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Private Label - How to Survive the Pressure from the Big Boys



Competing with the “brands,” while maintaining some distinction, is a conundrum that has challenged the private label industry since its inception.Having played on both sides of the field, I can advise that the only choice is to innovate and partner.



By Rick Jezzi, Chemical Engineer



Published January 6, 2011
Related Searches: Hygiene absorbent nonwoven private label
Innovation.The old business mantra which was “the reason for our success is we follow the brands” is still being practiced by many in private label.This practice of brand imitation carries the baggage of ensuing law suits from the branded players.The only way to break out of the existing cycle is to innovate your way out.This is not a simple proposition as the trade bears most of the responsibility for all private label producers chasing the branded designs.It doesn’t have to be so.If private labels want to break out of the reverse economic tie to the share cycle which currently quantifies their business potential, a different business model must be adopted by both the producers and the trade.
 
Partnering.As the mass merchandising channels grow their distribution share and consolidation of the supermarket and drugstore chains continue, these companies’ volumes are becoming large enough that they can now start providing the private label producers with sufficient economies of scale to truly deliver “destination” brands to their customers.
 

Due to the incessant downsizing of the major branded companies, there is enough experienced and knowledgeable talent available for recruitment to enact change.In the last decade or so, it has never been the case that private label did not know how to develop new product features. It was simply that they were not able to afford them.When the branded companies routinely make a two to three times greater margin, private label companies need to find means to afford larger product development and market research budgets to truly bring sustainable and cost effective innovation into their product lines for their key customers.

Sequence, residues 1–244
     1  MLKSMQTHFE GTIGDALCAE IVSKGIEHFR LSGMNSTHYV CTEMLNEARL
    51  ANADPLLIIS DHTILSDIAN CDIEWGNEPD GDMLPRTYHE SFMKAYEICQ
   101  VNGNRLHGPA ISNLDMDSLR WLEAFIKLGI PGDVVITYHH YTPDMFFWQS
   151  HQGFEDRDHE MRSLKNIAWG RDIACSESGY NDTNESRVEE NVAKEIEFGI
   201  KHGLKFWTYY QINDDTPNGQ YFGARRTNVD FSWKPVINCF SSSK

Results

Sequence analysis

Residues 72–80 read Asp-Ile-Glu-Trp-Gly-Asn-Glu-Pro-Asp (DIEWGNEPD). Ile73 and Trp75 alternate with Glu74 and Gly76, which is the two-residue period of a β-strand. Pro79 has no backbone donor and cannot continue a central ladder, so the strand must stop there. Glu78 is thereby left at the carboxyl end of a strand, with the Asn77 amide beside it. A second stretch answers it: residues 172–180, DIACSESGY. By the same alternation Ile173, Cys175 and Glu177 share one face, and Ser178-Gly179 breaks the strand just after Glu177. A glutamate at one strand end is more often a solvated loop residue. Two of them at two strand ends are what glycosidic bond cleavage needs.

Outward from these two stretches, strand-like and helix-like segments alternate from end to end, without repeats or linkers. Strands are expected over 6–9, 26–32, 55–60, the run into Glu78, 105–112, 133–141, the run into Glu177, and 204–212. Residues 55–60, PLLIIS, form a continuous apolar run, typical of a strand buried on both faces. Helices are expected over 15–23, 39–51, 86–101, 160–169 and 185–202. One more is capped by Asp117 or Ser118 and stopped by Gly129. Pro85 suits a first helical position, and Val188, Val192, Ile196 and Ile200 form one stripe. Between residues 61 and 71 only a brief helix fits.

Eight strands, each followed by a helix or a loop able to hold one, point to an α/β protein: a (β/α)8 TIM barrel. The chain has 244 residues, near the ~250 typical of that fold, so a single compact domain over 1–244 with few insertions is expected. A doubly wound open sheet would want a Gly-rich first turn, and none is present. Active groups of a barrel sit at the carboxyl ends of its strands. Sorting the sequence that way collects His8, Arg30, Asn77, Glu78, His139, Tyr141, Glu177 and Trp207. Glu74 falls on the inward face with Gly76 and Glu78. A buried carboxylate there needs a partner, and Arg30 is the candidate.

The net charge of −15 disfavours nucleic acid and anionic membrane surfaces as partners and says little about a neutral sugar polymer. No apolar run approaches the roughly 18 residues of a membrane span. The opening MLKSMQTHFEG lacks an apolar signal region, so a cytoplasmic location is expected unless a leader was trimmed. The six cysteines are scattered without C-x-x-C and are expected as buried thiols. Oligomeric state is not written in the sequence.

As doing this has always been a profitability balance by the private label producers, the trade will need to re-evaluate their profitability models and review the volume (share) versus profit equation in more absolute net terms.Further financial incentive is needed for private label to invest in technology and product development catering towards matching performance and not just precise appearance to the branded products.
 
By having the private label develop true “destination” brands through their own identification of consumer wants and needs, new forms of “branded” products will emerge for the largest distribution companies in the trade
 
This can only happen with true partnering of the trade outlets and the private label producers in a collaborative effort to grow each others’ bottom line and by private label developing their own product features.Through strategic alliances with all parts of the supply chain, survival and growth can be ensued.
 
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Rick Jezzi is a chemical engineer with experience in the areas of tissue manufacturing, nonwoven, and personal care absorbent products while at Scott Paper, Kimberly Clark and Paragon Trade Brands where he was involved in technical development and the expansion into Asia and Latin America. Before retiring from Clopay Plastic Products Company as vice presient of R&D and general manager of South America and Asia Pacific, he managed technologies in Hygiene, Medical, Industrial and New Business Development, as well as managing global M&A and JV’s. He now consults in the areas of his expertise and can be reached at rjezzi@aol.com.